De-dollarisation going slower than expected

Russia wants to be less dollar-dependent, but the country's economy is closely linked to the US currency. In the first six months of 2018, almost three-quarters of Russia's annual trade were in dollars, and switching away seems ''almost impossible'' for many industry sectors.

The Kremlin's drive to wean the economy off the US dollar is going slower than expected, says Bloomberg. Even the country's state-owned companies are committed to the American currency, as shifting to other currencies means higher costs and difficulties finding banks to handle business.

In the first six months of 2018, almost three-quarters of Russia's annual trade were in dollars, and the United States accounted for less than 5% of those deals. Russia's commodity export is mostly quoted in dollars, while markets for euros, rubles or yuans are much smaller and financial infrastructure less developed. In December, Head of Lukoil Vagit Alekperov said that Russia's second-largest oil producer wasn't looking into diversifying its currency use because it would be ''almost impossible'' to switch away from the dollar.

However, the risk that Washington can impose new restrictions, such as cutting off access to the dollar-based financial system, is spurring Moscow to seek alternatives. According to Minister of Finance Anton Siluanov, a third of Russian transactions in dollars are delayed, sometimes by as much as a month, by sanctions concerns. The Central Bank has even developed a system allowing banks to make payments if Russia is cut off from the global network. Last spring, the regulator also shifted $101 billion of Russia's reserves, which is more than a fifth of the total, into euro, yuan and yen. As a result, Russia currently holds about a quarter of global yuan reserves.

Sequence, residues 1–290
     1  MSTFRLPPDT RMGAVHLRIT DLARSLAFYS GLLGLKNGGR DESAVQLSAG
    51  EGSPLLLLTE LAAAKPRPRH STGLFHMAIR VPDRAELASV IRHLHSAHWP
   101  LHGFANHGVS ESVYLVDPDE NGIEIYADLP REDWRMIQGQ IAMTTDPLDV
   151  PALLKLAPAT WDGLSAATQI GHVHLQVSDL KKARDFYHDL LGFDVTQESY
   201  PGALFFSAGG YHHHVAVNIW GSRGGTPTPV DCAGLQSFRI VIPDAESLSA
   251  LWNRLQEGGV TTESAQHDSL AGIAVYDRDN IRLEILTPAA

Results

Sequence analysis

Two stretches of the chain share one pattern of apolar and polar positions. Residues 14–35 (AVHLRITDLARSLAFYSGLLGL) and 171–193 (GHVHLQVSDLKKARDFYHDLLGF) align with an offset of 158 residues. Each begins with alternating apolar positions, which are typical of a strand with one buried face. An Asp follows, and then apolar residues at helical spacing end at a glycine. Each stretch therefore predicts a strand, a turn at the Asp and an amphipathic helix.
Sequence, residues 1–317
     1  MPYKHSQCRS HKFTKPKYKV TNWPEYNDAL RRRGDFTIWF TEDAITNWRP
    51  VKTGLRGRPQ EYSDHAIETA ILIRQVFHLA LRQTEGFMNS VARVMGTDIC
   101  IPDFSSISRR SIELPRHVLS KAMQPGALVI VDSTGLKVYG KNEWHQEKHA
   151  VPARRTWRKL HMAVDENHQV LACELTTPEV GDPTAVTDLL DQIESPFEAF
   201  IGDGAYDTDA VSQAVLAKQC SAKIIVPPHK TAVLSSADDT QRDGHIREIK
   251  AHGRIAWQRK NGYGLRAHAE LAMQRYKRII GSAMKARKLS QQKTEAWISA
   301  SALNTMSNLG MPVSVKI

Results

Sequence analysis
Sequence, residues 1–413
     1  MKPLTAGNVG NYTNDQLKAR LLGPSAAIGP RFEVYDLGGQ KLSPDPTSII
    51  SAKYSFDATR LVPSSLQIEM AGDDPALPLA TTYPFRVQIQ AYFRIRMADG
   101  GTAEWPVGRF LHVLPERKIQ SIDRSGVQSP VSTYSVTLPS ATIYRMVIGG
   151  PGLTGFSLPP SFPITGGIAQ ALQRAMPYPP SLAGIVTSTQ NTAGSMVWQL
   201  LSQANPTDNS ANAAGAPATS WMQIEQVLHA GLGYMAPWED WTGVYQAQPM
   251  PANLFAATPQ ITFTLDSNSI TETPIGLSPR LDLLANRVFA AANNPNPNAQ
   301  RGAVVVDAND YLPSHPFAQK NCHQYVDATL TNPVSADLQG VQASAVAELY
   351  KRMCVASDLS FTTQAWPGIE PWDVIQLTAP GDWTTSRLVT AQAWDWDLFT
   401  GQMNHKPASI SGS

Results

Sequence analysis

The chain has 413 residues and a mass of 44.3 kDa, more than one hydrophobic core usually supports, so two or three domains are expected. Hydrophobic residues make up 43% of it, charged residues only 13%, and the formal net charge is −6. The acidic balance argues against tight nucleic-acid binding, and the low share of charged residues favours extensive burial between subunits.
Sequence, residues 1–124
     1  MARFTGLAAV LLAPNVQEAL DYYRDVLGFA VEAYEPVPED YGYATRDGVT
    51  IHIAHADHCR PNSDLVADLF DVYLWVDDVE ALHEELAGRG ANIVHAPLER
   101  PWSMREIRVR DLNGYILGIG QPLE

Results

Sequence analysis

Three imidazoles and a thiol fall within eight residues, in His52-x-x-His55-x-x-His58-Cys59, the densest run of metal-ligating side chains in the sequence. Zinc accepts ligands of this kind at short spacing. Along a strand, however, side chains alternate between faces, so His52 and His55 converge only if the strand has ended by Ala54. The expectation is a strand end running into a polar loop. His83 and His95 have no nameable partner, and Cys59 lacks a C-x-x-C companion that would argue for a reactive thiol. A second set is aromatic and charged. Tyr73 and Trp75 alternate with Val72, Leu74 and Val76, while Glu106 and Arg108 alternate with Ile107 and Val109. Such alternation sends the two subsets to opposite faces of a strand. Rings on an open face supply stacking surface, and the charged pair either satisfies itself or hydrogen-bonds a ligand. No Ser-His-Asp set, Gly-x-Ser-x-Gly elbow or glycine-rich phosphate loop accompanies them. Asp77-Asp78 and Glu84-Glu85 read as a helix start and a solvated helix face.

Chairman of Accounts Chamber Aleksey Kudrin considers that shifting to settlements in rubles adds currency risks. Photo:

At the same time, many de-dollarisation steps taken by Russia's biggest companies have been largely symbolic. For example, Alrosa diamond producer launched a system for accepting payments in foreign currencies, but those deals totalled less than 0,1% of the company's sales last year. ''In this industry, everything is priced in dollars,'' commented Alrosa President Sergey Ivanov, adding that the company couldn't stop using it.

However, Severstal steelmaker intends to switch most of its exports to euros, and Gazprom is already paid for most of the gas it sells to Europe in the European currency. To spur de-dollarisation, the government proposed to grant tax breaks to companies that invoice their exports in rubles.

According to Chairman of Accounts Chamber Aleksey Kudrin, the Russian ruble is less stable than any other currency, while international operations require a stable unit of measure. ''So shifting to settlements in rubles adds currency risks, which is effectively a tax,'' considers the economist.

''I can't imagine any novel economic measures that would work. The data shows it would take 30-plus years to decrease dollar use by even 10%,'' considers Oleg Shibanov, a finance professor at Moscow's New Economic School.

By Anna Litvina

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